By Megan Bettilyon
Not all science leads to innovative outcomes – in fact, it’s rare when the day-to-day work of a wet-lab comes across something new. You can, however, stack the deck in your favor by encouraging yourself, and your team, to try something new. Push the boundaries of what is known and be willing to accept failure as a step toward success. You can choose to be innovative; you can choose to surround yourself with people who think differently. This is when the magic happens. This is where the Terasaki Institute for Biomedical Innovation (TIBI) recently found a way to change the game in how we can bring novel therapeutics to market faster, cheaper, and more effectively.
According to the World Health Organization, 1 in 6 people worldwide suffer from neurological disorders ranging from depression and anxiety through tissue damage suffered after a stroke or traumatic brain injury. Testing therapeutics for brain disorders is as costly and time-consuming as it is to create new drugs. Clinical trials costs millions of dollars and generally it is on the order of 5+ years before they can be validated to be safe for human applications. But what if we could reduce that time, and cost, by testing our potential therapeutic approaches on tissues that mimic what we find in the human brain; in essence, what if we built a human brain on a computer chip?
Galvanizing TIBI’s collective and significant expertise in tissue engineering, coupled with our cutting-edge capabilities in computer model development, we have a dedicated team focused on building computer models of different human organs that function, receive input, and show outcomes just like human tissue inside the body. This technology is collectively known as “organs on a chip” (OOC) and is revolutionizing how drugs and therapeutics and are created for humans.
There are several different parameters when developing an OOC. The model must account for the physical structure, function, cellular organization, mechanical response, and blood flow of the organoid so that it mimics an in vivo organ. This is a painstaking and complex process that requires considerable expertise, patience, and dedication to achieve. While challenging to build, the potential for significantly increased positive patient outcomes is worth the effort.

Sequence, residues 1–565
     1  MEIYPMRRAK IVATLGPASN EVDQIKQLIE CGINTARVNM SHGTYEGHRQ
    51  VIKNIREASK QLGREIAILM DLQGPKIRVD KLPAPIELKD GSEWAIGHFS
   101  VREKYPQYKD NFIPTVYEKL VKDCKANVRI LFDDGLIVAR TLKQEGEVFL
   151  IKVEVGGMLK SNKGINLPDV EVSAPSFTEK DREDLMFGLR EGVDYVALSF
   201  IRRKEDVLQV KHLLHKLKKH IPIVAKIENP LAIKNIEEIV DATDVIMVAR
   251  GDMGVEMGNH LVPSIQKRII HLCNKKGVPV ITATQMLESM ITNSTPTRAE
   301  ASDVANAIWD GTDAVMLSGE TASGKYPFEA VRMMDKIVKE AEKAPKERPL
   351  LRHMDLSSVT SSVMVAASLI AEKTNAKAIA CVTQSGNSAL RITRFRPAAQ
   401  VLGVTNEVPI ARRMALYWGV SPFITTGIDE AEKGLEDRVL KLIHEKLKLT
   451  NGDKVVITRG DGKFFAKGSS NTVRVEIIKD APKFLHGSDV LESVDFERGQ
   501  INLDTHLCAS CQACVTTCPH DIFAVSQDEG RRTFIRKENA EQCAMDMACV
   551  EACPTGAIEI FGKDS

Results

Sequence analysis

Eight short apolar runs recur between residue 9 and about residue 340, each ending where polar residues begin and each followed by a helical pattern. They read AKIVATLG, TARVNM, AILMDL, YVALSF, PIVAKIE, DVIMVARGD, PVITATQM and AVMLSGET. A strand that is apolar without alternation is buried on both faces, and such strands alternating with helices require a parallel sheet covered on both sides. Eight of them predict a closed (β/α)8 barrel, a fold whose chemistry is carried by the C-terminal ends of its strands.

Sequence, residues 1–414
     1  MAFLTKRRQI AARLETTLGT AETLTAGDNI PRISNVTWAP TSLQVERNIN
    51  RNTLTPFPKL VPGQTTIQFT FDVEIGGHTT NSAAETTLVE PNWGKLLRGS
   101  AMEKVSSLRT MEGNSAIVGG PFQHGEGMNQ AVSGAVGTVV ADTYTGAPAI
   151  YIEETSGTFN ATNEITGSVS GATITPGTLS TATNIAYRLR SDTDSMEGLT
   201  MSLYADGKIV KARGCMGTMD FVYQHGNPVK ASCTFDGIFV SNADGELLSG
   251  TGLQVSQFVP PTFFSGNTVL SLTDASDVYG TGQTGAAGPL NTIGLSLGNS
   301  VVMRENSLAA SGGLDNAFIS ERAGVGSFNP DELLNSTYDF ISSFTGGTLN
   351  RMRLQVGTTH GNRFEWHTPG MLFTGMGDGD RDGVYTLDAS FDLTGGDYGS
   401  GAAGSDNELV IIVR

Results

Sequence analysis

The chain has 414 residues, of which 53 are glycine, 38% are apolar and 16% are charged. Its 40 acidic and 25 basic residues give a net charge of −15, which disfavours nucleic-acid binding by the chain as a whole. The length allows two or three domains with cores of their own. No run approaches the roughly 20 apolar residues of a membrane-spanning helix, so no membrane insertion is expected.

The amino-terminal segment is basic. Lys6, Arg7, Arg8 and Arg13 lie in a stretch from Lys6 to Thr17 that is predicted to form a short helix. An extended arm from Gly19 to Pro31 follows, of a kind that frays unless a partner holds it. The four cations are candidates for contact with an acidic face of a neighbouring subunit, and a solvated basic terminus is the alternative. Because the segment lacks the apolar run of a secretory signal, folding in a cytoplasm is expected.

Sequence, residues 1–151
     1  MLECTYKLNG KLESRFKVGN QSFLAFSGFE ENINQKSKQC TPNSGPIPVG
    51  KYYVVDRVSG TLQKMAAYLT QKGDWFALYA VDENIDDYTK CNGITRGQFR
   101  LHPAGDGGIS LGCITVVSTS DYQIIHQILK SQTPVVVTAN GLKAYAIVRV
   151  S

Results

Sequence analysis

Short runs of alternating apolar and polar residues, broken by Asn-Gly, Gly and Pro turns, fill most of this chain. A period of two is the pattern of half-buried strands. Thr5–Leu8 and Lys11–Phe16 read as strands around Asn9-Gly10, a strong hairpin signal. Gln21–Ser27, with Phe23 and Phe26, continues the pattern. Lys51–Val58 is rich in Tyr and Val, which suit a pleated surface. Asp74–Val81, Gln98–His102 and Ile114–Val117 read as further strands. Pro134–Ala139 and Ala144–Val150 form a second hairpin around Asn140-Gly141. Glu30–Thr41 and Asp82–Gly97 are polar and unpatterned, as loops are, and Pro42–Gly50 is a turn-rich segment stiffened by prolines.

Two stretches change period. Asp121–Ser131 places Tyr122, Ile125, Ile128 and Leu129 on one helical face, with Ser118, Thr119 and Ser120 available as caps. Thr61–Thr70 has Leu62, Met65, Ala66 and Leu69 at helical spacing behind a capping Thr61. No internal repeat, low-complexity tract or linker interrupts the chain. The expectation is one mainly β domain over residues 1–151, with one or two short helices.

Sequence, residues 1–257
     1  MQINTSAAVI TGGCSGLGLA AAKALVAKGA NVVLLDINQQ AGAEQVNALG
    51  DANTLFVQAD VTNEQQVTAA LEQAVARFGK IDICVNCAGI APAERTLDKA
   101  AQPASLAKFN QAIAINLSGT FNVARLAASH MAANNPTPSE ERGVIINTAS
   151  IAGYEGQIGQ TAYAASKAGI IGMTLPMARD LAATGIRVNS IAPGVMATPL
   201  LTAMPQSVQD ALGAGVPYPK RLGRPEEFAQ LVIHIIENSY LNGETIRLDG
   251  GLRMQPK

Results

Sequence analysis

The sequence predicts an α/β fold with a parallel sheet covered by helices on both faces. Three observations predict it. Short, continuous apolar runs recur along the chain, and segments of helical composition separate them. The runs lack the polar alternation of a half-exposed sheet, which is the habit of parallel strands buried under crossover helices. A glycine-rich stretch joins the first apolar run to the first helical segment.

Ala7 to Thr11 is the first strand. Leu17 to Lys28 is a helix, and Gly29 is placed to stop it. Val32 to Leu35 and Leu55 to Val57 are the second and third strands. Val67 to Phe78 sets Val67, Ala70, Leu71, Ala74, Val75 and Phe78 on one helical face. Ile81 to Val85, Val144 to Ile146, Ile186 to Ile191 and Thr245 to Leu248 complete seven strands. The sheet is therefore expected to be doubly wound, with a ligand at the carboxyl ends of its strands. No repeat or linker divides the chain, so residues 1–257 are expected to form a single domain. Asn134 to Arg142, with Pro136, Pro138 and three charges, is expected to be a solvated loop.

This isn’t just theoretical basic research – this is the new frontier of medicine and finding the right partners to help us validate our models, by applying this work into real world therapeutics devices, was a critical step in advancing this research. Enter Openwater, a company that consists of leading experts in advanced physics, optics, lasers, ultrasonics, physics, electronics, medical devices, software, and manufacturing – all with the goal of developing the future of neurodiagnostic and brain therapeutic devices.
Recently, TIBI entered into a collaborative effort with Openwater to begin the testing and validation of our models in their therapeutic devices. The goal is to see how well our brain-on-a-chip mimics the responses we would expect to see in in vivo brain tissue. TIBI researchers will build the model in phases with Openwater performing the testing and validation of our model at each step – thereby creating a consistent feedback loop of critical information it will take to refine both our models and their devices. The end goal is not just another paper; it is to provide a real-world therapeutic device that can be used to treats the millions of people who suffer from brain disorders in a way that is much more targeted, effective and far less invasive. Moreover, we can apply the validation of our brain models to the other organoids our team is exploring including heart, eye and lymph tissue.
By choosing to be innovative, and to surround ourselves with interdisciplinary experts, TIBI is advancing the state of technology for drug and therapeutic design. We choose to have a patient-first approach and tackle the challenges that may feel daunting to many. We are able to partner with leading organizations like Openwater because we move fast, deliver results, act with integrity, and earn trust. These attributes are pat of our core values and enable us to push the boundaries of modern science.